Aerospace and defense exchange traded funds were lower Monday on reports the congressional “supercommittee” has failed to reach an agreement on lowering the deficit. Industry experts believe defense may see up to $1 trillion in cuts if automatic spending reductions are triggered due to the supercommittee failure.
The supercommittee is facing a Nov. 23 deadline to plan out over $1 trillion in deficit reductions over the next decade.
According to Credit Suisse analysts, failure to meet the the deadline would cause a negative impact on risk assets and growth in the markets. Additionally, automatic spending cuts would kick in during the fiscal year 2013 and would severely reduce the spending in various departments, notably defense spending.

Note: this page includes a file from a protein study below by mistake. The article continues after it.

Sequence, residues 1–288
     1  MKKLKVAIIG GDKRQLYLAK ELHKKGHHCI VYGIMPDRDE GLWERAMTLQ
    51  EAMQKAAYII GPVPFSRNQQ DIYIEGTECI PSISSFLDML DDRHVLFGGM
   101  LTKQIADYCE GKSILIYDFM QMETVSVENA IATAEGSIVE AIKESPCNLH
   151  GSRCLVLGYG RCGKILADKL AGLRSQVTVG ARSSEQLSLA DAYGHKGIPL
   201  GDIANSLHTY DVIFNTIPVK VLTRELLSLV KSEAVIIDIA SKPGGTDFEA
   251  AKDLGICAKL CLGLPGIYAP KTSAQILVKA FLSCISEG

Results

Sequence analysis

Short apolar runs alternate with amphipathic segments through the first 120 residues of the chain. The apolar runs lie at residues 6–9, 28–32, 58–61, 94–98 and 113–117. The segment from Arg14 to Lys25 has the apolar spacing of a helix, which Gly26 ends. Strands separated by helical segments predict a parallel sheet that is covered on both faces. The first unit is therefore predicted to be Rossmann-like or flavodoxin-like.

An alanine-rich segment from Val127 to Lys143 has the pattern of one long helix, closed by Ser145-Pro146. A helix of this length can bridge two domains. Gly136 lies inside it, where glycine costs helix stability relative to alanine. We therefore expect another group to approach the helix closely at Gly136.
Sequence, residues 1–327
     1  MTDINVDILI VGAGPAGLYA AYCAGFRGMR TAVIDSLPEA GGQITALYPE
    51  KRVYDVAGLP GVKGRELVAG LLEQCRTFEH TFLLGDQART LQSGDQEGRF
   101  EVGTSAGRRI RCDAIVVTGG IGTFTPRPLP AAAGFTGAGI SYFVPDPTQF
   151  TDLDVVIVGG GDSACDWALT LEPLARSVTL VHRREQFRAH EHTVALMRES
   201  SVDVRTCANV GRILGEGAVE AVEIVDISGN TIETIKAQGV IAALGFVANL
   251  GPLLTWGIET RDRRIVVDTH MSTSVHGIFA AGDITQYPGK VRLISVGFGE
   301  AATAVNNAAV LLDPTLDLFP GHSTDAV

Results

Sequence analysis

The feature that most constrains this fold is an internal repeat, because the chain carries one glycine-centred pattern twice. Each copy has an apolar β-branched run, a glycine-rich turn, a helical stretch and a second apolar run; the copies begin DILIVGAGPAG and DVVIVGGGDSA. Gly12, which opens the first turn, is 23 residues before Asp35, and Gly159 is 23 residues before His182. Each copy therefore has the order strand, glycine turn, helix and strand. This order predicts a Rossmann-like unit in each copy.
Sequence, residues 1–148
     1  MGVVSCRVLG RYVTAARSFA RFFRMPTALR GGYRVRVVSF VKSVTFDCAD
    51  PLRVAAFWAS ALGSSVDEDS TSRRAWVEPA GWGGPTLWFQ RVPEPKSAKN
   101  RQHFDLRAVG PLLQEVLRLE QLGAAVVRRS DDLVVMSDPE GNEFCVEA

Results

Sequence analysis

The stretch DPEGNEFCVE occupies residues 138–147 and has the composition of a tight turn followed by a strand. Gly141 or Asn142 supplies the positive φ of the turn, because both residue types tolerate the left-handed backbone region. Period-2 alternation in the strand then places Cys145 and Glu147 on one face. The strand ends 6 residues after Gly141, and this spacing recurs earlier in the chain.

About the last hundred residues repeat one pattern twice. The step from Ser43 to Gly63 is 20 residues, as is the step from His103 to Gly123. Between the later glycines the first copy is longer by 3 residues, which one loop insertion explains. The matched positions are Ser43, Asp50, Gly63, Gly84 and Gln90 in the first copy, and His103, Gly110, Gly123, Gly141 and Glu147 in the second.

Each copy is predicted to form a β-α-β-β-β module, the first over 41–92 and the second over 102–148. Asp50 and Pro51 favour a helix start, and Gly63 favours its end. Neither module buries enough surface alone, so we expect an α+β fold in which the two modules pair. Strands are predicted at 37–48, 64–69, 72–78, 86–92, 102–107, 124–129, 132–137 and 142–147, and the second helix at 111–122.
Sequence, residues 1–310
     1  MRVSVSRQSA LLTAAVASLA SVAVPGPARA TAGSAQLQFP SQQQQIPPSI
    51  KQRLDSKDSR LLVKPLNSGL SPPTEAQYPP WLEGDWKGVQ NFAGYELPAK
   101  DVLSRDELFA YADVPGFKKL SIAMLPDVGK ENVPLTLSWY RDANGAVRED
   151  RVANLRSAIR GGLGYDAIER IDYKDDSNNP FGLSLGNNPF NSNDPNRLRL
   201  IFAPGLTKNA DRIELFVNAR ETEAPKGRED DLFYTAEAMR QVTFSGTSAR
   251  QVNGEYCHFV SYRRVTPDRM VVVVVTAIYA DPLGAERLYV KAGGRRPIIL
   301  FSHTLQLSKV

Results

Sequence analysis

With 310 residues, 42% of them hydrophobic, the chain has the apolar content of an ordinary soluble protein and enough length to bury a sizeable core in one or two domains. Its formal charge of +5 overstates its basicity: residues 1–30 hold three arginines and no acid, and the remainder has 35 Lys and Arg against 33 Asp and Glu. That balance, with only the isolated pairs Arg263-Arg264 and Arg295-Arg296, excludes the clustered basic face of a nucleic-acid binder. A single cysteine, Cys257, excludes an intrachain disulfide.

According to a Foreign Policy Initiative report, the Pentagon will face lowered ceilings that would decrease defense spending over the next 10 years by $500 billion and also “sequestration” cuts that would further cut out $500 billion or more.
“In all, sequestration’s spending ceilings and cuts could effectively trim anywhere from $500 billion to over $1 trillion from projected long-term defense spending,” the FPI said.
Additionally, the FPI report also sheds light on where the country’s debt is really coming from.
“The main driver of America’s growing debt and deficit is domestic spending – specially entitlement spending – and not defense spending,” according to the report. “Entitlements today constitute nearly 60% of the $3.5 trillion federal budget.”
iShares Dow Jones Aerospace and Defense ETF
Max Chen contributed to this article.